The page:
Quote Origin Dr. Blalock’s reaction to Thomas’ pulmonary artery suturing technique
Significance to Medicine Paved the way for modern cardiac surgery and treatments for congenital heart defects
Screenplay Written by Peter Silverman and Robert Caswell
Accolades Multiple Emmy Awards, including Outstanding Made for Television Movie

The Surgical Feat That Changed Pediatric Cardiology

Now, let’s roll up our sleeves and get to the heart of the matter—the Blalock-Taussig shunt. This was the procedure that opened the floodgates for a burgeoning field, pediatric cardiology. The shunt created a detour in the blood flow of “blue babies,” increasing oxygenation and granting them the pink hue of life.

This medical miracle, akin to the atlanta bombing olympics in its explosive impact on its field, showed that complex adult heart surgeries were possible. It bridged a gap larger than the anatomical—by proving the potential for medical advancement beyond the limits of racial segregation. This procedure was a trailblazer in many respects, signaling a new dawn, a fresh breath, for countless ailing hearts.

The Social Context: Navigating the Segregation Era

To understand the canvas on which this story is painted, one must acknowledge the gnarled roots of segregation gripping mid-century America. The path Thomas treaded was fraught with injustice—it winded and twisted, a stark contrast to Dr. Blalock’s straightforward ascent.

Here was a man as adept as his white counterpart—if not more—yet, his contributions were largely shadowed by his skin. His resilience in such an era wasn’t just commendable, it was monumental—something the lord made indeed. This duality is stark, it stares back at us from the mirror of the past, urging us to look beyond the surface.

Something the Lord Made [ NON USA FORMAT, PAL, Reg.Import Belgium ]

Something the Lord Made [ NON USA FORMAT, PAL, Reg.Import   Belgium ]


“Something the Lord Made” is a remarkable drama that tells the compelling true story of two medical pioneers one celebrated, Dr. Alfred Blalock, and the other, his lab assistant Vivien Thomas, whose notable contributions to the field were only recognized much later due to the color of his skin. This Belgian-imported, non-USA format DVD is a PAL (Phase Alternating Line) Region 0 version, which means it is not restricted by regional coding and can be played on any DVD player that supports the PAL format. However, consumers should be aware that it may require a multi-region or region-free DVD player if they are located outside the territories where the PAL system is standard, such as Europe or Australia.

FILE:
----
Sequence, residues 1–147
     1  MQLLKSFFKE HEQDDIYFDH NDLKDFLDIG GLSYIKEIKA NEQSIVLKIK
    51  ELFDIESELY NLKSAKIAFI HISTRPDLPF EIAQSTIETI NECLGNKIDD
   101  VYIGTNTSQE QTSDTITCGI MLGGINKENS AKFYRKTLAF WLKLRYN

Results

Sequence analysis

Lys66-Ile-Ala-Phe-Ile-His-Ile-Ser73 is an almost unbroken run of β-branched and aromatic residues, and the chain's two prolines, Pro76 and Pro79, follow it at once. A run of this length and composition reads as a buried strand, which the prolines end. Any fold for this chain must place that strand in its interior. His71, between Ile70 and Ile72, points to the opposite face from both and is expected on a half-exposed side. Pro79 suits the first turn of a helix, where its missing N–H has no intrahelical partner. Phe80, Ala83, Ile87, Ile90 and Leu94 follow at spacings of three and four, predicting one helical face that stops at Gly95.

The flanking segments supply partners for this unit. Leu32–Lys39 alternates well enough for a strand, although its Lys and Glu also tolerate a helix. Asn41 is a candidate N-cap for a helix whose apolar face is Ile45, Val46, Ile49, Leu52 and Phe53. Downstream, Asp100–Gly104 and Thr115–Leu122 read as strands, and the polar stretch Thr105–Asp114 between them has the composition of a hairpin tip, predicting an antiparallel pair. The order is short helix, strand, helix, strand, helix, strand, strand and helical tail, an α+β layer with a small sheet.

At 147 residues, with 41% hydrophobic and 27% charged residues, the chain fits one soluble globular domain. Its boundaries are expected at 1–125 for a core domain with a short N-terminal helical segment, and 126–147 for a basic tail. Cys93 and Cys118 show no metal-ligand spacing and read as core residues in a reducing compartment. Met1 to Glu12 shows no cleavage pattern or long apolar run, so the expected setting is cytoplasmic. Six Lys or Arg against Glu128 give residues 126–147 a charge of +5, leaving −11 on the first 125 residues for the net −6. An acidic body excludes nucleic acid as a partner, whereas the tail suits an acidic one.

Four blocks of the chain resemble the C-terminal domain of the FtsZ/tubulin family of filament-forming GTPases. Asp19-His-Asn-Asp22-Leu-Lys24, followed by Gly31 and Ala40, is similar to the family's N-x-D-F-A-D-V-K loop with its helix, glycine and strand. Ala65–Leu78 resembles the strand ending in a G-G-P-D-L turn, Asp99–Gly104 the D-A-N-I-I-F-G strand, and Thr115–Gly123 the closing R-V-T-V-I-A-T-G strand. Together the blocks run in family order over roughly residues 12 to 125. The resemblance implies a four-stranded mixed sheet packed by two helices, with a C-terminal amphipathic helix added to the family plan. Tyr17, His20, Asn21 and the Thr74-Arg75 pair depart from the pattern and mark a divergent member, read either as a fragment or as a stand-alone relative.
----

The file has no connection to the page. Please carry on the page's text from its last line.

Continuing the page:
The film, starring Alan Rickman as Blalock and Mos Def as Thomas, unravels the intense and emotional journey of two men defying the odds to develop a method to perform heart surgery on “blue babies,” which laid the foundation for modern heart surgery and eventually saved countless lives. Their unique partnership, set against the background of segregation, showcases their dedication to their work and the struggles they face both professionally and personally. This DVD presents the film with possibly additional language and subtitle options, making it accessible to a wider European audience and anyone interested in medical history or stories of exceptional human relationships against the odds.

As a niche product, this Belgian import is perfect for collectors, cinematic enthusiasts, and students who appreciate historical biopics. Owning this DVD not only means enjoying a powerful story of innovation and determination but also having a piece of cinema that may include unique packaging or supplemental material not readily available in standard US releases. Additionally, educational institutions with international film study programs may find this format particularly useful for showcasing different media releases based on geographic region.

From Obscurity to Acclaim: Thomas’s Legacy Honored

With the passage of years and the evolution of social conscience, Vivien Thomas’s brilliance has eventually shone through the annals of medical history. Posthumously, his work has achieved the recognition it so rightly deserves—the kind that whispers of an undying legacy.

Educational institutions and various facets of the medical community have come to honor his contributions as symbolic of something the lord made—a divine insight into the human body’s workings. Today, Vivien Thomas stands as a beacon for those whose efforts have been overshadowed, whose contributions have slipped silently into the folds of time.

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“Something The Lord Made”: The Impact on Medical Ethos

The partnership that defined Blalock and Thomas’s work was more than innovative—it was transformative for the ethics within medicine. Their story has sparked conversations revolving around credit, recognition, and the immeasurable value of diversity in medicine.